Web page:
An uncomfortable fulcrum

An uncomfortable fulcrum

If you live long enough and have had a reasonable time along the way, you get to the point where you seem to be either talking about your last colonoscopy or planning your next one.  Let’s face it, no matter hard you deny it or ignore it, bits of you wear out and break and there is a very definite point along the way, where you have to accept  this reality.  How you deal with it is a whole other thing. Personally, no matter how in bits I look, I use the man mirror technique.  Simply look at your reflection, rub you balding head or your expanding waist line, then smile, give yourself the thumbs up and say …”Still got it.”  If you have fading eyesight it helps.

Aging and approaching death are something I address in my books. Hattie’s graceful aging in Darkly Wood, James Delaney’s sense of the imminent in Bad Blood, death is quite central in Little Big Boy but of course, Larry Flynn is the book where I play with it most.

Every writer has favourite bits of their own books or indeed favourite characters.  I quite simply adore poor old Larry.  To use the terminology of the book and a common Irish expression, he is an ‘auld bollix’.  (Pardon the language)  Larry’s call to action after years of emptiness, largely emanates from his impending demise.  They say nothing would ever get done if it wasn’t for the last minute and I wanted Larry Flynn to be a book about missed opportunities, last chances and leaving things too late.

I played with the opening forever because I didn’t want him to be a likeable old rogue, I wanted the reader to see the sneer on his face and the scent of bitterness to ooze from the page.  However, while not strictly what the book is about, I had to write about something that was extremely difficult for me. Unusually for me, with this book I think I actually re-wrote two particular scenes several times to get what I wanted.  The reason for this was that the book balances somewhat, on two rapes that occur decades apart, neither of which Larry is directly involved in, but both of which dramatically affect how he perceives the world and represent turning points for him as a character.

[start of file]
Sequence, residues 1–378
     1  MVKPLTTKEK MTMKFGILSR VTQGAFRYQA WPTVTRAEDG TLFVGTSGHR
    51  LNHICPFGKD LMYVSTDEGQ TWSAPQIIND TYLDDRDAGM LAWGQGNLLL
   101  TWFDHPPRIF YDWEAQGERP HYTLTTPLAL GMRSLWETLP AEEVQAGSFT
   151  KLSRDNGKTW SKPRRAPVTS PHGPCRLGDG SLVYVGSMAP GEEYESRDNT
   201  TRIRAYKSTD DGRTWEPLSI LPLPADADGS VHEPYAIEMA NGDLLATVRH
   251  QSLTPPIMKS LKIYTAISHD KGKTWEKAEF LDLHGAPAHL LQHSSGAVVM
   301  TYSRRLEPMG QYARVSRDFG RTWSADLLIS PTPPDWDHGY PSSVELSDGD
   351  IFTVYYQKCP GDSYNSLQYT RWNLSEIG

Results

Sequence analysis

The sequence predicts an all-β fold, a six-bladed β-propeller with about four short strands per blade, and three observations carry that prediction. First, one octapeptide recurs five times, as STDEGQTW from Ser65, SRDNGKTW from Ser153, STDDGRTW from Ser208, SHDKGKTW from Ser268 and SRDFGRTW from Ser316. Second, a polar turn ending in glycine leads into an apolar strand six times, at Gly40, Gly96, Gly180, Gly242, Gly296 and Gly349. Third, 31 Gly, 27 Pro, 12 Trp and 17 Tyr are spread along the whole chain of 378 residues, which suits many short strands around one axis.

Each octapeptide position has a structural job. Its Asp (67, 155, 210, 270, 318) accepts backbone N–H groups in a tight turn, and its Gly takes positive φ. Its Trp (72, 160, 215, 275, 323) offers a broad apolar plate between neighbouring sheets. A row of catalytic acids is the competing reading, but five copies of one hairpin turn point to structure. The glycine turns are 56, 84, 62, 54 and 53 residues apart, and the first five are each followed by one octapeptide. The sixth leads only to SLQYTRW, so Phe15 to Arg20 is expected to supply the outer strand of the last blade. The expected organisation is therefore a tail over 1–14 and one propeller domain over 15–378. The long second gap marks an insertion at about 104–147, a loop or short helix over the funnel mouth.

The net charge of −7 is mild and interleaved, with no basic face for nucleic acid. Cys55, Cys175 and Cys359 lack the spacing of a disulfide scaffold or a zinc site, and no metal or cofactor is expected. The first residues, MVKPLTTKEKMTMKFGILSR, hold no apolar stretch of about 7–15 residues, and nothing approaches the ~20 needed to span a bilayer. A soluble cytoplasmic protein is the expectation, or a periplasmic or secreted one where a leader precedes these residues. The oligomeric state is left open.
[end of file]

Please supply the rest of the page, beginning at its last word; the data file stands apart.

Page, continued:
The difficulty of course is that I needed to make a clear distinction between both events, not because I see the horror of rape to be a graduated crime.  Which victim is less traumatised than another, which perpetrator is viler than his counterpart?  These were not questions for me to ask or answer, rather both attacks needed to be seen in a different light for Larry to be understood.  Despite the fact that each scene is tiny in the context of the book, it was a huge and onerous task for me I have to admit. I didn’t want anything to be gratuitous but there needed to be clarity to distinguish one event from the other in Larry’s eyes, for a while at least.  How did I go about achieving it?  Well in one instance, the victim and attacker are friends and I chose to focus on their particular perception of what was happening, rather than how I might perceive such a thing or indeed how a reader might consider it.  There was of course an element of danger in this, because if I got it wrong the book wouldn’t have worked and I risked offending and alienating readers.

The second attack is more about the violence, terrorism and control involved and had to be more frightening in a way.  While I made clear the fear and horror from the victim’s point of view in each case, the second attack had to be crueler and for Larry it had to lead to an understanding of the truth about what he has become.

In a sense it is an uncomfortable fulcrum on which the plot and Larry in particular, are finely balanced.   The knowledge that death lurks, our understanding of mortality and what mark we leave are all part of Larry’s transission throughout the book.   While the events in the present day part of the story move along rapidly over a short space of time, the story dips back to events of the past, so Larry is forced to confront some unpleasant home truths and I had to make that happen quickly.

It was for this reason that I used these two shocking events, one from the past that Larry knew about, but placed his own sanitised agenda on top of because of subsequent events, and one in the present that while Larry was outside of it, he certainly has a culpability in what occurs.  He had to become conscious in a way.  Larry needs to escape the world of adjusted recall that he uses to justify his actions in the present.  The events of the past explode into reality with the madness he creates in the present.  Salvation and redemption can only be found by facing up to his responsibility.  Therein lies the balance for me.

Larry Flynn makes an unholy alliance to get what he wants. I stole a little from Shakespeare with Larry.  I recalled the melancholy of Antonio (“In sooth, I know not why I am so sad. It wearies me; you say it wearies you; but how I caught it, found it, or came by it, what stuff ‘tis made of, whereof it is born, I am yet to learn; and such a want with sadness makes of me, that I have much ado to know myself.”) and the bitterness of Shylock  ( “So can I give no reason, nor I will not, more than a certain loathing I bear Antonio, that I follow thus a losing suit.”) and combined them into the sad bitter old man, wanting revenge he can’t freely have without consequences.  This is a book about love lost, a book about revenge and hatred. Much like Shylock, Larry’s warped hierarchy of values give him a lust for vengeance that takes precedence over everything even himself and creating for me one of my favourite characters still, the incomparable Larry Flynn…

Watch the trailer for Larry Flynn on Youtube here:

Max Power’s books include, Darkly Wood, Larry Flynn Bad Blood and Little Big Boy

You can find more details about Max Power’s books here : –

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